Prime Minister Shinzo Abe’s much anticipated statement regarding the 70th anniversary of World War II’s conclusion had all the key words for which potential critics abroad had been looking: “aggression”; “injury”; “utmost grief”; and “remorse.” It even mentioned “heartfelt apology,” carefully phrased as a sentiment that Japan had repeatedly expressed in the past.

Abe’s statement enumerated, often eloquently, the objects of past injury — Japanese compatriots, first and foremost, but also foreign prisoners of war (rarely mentioned before); and even “women behind the battlefield.” There were also plenty of verbs describing, sometimes vividly, what had happened to the victims, with the word “suffering” mentioned numerous times, both as verb and noun.

What was strikingly missing in this statement was the subjects of so many sentences: just who it was that had caused the suffering and misery, of which Abe spoke so eloquently.

It was, as one American acquaintance of mine remarked, as though a massive, unidentified historical tsunami had swept across Asia and the Pacific, leaving tremendous destruction in its path, with its origins unknown.

There is, of course, a vigorous — indeed, impassioned — international debate about wartime responsibility, which is exactly why omitting sentence subjects was likely a shrewd tactical choice.

Many of Japan’s neighbors blame unprovoked attacks and colonial oppression stemming unambiguously from Japan itself. Japanese nationalists, by contrast, tend to blame the predatory, imperialist environment prevailing broadly across the world in the first half of the 20th century.

Abe’s statement falls clearly into the second category, by transcending the wartime experience to dwell on colonialist rivalries throughout the past century and more, thus relativizing Japan’s actions.

Yet the prime minister avoided an intensified argument with his critics by rendering his own formal views on the intensely controversial question of war responsibility deeply ambiguous, even while noting subtly that “positions articulated by previous Cabinets will remain unshakable into the future.”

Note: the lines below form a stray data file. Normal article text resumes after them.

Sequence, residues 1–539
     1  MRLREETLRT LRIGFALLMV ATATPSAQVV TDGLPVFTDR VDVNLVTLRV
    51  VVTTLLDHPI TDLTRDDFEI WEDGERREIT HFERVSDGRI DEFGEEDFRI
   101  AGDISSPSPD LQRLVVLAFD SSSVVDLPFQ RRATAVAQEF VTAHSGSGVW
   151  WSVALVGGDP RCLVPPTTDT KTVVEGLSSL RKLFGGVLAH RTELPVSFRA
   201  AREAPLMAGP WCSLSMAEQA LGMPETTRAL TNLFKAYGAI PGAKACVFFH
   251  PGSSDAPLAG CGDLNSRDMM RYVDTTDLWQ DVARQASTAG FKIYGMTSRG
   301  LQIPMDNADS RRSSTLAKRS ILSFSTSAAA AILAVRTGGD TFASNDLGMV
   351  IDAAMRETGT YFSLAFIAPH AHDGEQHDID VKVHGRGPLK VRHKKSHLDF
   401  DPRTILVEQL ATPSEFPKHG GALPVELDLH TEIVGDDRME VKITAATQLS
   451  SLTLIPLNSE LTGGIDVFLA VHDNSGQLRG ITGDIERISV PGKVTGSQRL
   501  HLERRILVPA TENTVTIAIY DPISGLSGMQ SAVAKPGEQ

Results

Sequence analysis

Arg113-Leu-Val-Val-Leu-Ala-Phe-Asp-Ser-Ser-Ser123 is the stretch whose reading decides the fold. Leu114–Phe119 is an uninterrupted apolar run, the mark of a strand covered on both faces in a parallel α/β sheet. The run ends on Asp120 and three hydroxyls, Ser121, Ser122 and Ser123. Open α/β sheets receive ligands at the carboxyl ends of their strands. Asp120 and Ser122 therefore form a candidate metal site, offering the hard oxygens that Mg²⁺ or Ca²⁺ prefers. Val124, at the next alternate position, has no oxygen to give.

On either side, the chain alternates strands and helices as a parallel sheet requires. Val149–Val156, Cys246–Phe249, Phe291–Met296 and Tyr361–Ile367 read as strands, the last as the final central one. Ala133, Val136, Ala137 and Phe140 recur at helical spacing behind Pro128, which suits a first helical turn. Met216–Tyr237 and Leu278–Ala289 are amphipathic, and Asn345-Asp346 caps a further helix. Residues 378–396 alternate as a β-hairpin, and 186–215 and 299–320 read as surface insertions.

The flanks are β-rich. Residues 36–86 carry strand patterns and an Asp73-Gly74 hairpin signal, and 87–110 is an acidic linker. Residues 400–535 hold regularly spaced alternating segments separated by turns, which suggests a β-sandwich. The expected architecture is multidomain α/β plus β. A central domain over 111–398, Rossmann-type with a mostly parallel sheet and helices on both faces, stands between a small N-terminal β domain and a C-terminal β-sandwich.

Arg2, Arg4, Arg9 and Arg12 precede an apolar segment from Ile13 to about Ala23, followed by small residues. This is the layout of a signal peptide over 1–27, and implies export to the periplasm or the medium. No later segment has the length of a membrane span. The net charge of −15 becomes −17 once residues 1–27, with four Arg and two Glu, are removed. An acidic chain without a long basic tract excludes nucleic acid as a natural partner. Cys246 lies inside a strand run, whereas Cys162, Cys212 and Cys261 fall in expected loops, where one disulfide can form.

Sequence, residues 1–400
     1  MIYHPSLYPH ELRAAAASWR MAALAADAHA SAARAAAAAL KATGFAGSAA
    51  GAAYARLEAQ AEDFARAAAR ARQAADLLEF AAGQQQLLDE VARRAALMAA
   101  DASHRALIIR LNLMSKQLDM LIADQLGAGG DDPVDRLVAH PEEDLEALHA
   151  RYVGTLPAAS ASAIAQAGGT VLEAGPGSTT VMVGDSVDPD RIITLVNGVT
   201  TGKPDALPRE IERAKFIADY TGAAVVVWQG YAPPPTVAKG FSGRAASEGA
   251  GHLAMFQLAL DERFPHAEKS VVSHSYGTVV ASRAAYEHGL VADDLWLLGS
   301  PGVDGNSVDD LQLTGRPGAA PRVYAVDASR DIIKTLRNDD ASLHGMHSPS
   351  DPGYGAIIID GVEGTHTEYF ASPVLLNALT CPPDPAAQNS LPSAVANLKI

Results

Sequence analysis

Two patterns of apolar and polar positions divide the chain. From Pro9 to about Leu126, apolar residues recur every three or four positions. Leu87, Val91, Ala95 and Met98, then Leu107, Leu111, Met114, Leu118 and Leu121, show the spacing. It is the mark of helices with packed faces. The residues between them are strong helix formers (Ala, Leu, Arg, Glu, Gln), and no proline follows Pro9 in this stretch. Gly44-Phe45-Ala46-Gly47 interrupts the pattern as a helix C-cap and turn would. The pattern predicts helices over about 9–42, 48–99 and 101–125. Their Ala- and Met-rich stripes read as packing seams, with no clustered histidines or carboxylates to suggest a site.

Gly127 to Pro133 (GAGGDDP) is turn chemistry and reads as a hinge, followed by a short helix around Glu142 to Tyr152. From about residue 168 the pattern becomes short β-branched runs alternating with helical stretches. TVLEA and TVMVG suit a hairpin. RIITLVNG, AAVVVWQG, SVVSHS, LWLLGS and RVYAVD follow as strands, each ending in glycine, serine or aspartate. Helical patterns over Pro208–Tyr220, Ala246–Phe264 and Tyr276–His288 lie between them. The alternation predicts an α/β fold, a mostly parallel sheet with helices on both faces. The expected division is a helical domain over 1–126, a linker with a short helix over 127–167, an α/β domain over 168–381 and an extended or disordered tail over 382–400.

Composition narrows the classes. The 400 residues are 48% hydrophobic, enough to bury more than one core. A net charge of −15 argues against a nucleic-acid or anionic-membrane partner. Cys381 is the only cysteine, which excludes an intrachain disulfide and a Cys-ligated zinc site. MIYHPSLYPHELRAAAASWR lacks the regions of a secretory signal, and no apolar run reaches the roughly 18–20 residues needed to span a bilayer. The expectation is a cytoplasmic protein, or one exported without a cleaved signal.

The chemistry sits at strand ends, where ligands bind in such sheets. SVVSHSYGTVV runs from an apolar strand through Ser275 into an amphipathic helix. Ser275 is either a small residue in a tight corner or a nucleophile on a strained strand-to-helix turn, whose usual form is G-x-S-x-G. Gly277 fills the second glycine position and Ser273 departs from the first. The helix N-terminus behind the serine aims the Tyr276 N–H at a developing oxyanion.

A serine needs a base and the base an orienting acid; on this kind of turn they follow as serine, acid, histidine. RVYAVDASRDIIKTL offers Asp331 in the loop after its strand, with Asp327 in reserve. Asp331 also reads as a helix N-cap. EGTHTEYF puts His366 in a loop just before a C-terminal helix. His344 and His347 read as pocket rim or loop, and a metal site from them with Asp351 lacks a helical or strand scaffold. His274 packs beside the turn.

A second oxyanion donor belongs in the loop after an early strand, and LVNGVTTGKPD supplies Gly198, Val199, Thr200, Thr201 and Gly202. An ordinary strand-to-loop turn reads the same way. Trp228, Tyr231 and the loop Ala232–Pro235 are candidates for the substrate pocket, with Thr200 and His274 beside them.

There was, however, one memorable sentence in which Abe presented subject, verb, and object crystal clearly: “We must not let our children, grandchildren, and even further generations to come, who have nothing to do with that war, be predestined to apologize.”

He thus opted out of the World War II apology competition, in which Germany and his recent predecessors, including Koizumi, Murayama, and Kono, have explicitly engaged. It appears to have been a calculated political gamble — how will it be viewed in the eye of history?

However unsatisfactory a tactical approach to historical interpretation may be in intellectual or grammatical terms, it does, I think, represent the safest course for the Abe administration, diplomatically and politically, under the current circumstances.

Certain neighboring countries, which find it useful to marginalize or inhibit Japan’s regional role, would be critical of Abe on history virtually regardless of what he said.

The substantial expressions of remorse in his Aug. 14 statement undercut the credibility of their efforts to undermine his standing with the major allies of Japan and important neutrals in India, the Middle East and ASEAN.